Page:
the sale of his property. Even
the delicate women, who had tears for
highwaymen and housebreakers, breathed
nothing but vengeance against him. The
lampoons on him . which were hawked
about the town were distinguished by nn
atrocity rare t-ven in those days. Hang
ing would bo too mild a death for him ;
a grave under tho gibbet t"o respectable
a resting place ; he ought to be whipped
to death at the cart's tail ; he.ought to be
tortured like an Indian; ho ought to be
devoured alive. .
The street poets portioned out all his
joints with cannibal ferocity,, and com
puted how many pound of steak might
be cut from lug wcll-faUened carcas.
Nov, the rage of his enemies was such
that in language seldom heard in Eng
land they proclaimed their wih that he
might go to the place of wailing and
gnashing of teeth, to the worm thut never
dies, to the fire that is never quenched.
They exhorted him to hang lumself in
his garters, and to cut his throat with a
razor. They put up horrible . prayers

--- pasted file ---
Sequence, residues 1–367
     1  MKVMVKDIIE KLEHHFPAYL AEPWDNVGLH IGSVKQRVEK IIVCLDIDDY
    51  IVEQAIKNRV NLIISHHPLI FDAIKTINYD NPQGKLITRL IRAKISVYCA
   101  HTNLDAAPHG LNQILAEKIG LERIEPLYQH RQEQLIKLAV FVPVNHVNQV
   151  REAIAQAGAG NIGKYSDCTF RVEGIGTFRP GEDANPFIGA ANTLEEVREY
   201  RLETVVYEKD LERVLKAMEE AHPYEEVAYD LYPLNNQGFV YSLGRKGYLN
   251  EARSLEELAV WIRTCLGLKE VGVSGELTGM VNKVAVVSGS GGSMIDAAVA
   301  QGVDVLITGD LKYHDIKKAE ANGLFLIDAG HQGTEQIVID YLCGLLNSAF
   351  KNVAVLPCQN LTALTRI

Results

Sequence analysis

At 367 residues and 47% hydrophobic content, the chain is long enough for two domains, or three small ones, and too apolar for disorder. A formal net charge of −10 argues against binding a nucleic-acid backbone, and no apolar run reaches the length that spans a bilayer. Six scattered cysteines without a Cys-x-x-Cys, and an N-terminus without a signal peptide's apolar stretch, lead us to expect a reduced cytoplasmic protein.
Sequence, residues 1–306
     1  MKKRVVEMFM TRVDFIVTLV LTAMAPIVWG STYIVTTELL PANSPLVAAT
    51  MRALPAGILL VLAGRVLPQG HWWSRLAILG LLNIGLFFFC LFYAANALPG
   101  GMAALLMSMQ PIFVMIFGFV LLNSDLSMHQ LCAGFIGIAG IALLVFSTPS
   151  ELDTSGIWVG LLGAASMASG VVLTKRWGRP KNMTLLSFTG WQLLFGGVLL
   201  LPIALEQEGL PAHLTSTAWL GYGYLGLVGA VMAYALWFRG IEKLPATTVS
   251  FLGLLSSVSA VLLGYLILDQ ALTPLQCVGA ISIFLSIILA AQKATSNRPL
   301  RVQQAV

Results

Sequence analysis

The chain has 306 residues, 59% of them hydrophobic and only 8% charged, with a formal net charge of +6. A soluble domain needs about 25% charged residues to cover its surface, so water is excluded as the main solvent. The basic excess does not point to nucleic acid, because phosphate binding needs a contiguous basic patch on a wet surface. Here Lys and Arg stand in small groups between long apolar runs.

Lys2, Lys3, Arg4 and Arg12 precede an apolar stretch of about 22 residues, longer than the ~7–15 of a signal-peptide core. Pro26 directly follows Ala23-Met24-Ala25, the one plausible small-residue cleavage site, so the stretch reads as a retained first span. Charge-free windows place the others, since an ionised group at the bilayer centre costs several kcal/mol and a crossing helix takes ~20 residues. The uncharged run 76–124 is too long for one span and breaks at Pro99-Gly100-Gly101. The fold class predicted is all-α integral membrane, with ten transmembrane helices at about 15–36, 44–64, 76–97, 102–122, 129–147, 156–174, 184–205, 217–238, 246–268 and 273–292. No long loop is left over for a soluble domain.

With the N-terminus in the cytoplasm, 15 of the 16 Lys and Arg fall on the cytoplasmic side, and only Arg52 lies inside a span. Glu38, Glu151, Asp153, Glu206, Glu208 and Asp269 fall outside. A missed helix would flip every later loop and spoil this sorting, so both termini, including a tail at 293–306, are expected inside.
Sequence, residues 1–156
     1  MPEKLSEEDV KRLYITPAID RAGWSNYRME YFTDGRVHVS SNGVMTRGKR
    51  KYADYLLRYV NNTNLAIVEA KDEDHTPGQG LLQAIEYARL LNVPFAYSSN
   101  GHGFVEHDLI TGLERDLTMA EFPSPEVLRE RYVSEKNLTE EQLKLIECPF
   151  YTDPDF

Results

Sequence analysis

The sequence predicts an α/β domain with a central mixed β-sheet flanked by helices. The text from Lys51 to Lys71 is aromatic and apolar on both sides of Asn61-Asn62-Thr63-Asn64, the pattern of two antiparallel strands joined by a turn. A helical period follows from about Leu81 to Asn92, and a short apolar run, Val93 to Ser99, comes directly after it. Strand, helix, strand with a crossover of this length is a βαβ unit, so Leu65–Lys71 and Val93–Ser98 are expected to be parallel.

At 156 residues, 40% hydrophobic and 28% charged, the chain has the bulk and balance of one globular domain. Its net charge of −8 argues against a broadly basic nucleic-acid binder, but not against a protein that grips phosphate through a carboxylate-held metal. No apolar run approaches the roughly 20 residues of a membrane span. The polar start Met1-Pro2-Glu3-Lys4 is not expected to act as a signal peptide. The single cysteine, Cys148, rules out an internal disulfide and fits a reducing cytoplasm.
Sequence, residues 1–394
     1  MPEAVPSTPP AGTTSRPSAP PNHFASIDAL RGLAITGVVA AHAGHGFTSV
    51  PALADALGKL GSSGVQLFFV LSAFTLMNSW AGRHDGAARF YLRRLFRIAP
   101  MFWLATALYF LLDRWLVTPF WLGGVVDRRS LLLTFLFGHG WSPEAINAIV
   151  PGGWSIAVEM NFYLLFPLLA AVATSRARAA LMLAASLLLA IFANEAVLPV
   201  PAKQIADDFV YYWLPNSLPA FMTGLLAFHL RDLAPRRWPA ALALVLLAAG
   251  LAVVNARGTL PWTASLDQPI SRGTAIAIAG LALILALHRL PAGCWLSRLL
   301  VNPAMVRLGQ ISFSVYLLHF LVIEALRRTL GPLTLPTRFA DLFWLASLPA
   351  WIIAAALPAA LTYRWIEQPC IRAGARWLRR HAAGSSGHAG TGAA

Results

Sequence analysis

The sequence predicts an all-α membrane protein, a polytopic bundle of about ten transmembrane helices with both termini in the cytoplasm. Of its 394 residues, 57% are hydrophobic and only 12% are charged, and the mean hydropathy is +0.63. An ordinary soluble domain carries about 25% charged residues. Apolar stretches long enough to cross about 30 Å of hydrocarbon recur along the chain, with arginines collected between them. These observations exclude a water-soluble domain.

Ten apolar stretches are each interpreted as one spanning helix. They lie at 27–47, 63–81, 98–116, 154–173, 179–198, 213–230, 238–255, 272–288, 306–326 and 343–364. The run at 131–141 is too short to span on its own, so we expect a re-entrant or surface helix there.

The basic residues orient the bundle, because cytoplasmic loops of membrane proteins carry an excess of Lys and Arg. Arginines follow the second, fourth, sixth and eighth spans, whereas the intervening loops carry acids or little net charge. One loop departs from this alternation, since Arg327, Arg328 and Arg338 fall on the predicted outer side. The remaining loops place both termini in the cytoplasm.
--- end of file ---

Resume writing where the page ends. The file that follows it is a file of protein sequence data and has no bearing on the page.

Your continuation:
that he might not bo able to repent, thnt
he might, die : tho same hard-hearted,
wicked Jeffreys that he had lived. His
spirit, as meuu in adversity as insolent
1111,1 inhuman in prpfii)ri"( dovu
under the load of public abhorrence
His constitution, originally bad, and much
impaired by intemperance, was complete
broken by distress and anxiety.,
. Ho was tormented by a -rue! internal
. ...l ........ ..i,;nr..i i
disease, which the nut skillful surscous .
of that a
u were neiuiHii uwe iu iiunf.
fiiu sorxce was ieu to aiiu nrauuy.
Even when he had causes to try and
, , i i ,
! favorite vice. Many Ix-heved him to bet
i ''e he was roused from a stute of
roused fnm a
; abject despondency by an agreeable sen-
sation, speedily fullowed by a mortiTyin
.- . . I j-.
A parcel hud leeii left
for Inm at the
Tower. It appeared to.
j be a barrel of
. favorite c'aintu s.
l.l. he.ter oysters, m;lving heart, aflecta them uke a voica
II was greatly moved ; ! from heaven. Tearing and rending.
I for thero are
in niients when thse who
least deserve aire tion are pleased to think
that they inspire it. "Thank God," he
exclaimed, "I havo siill some friends
left" Ho ojicned the liTel; and from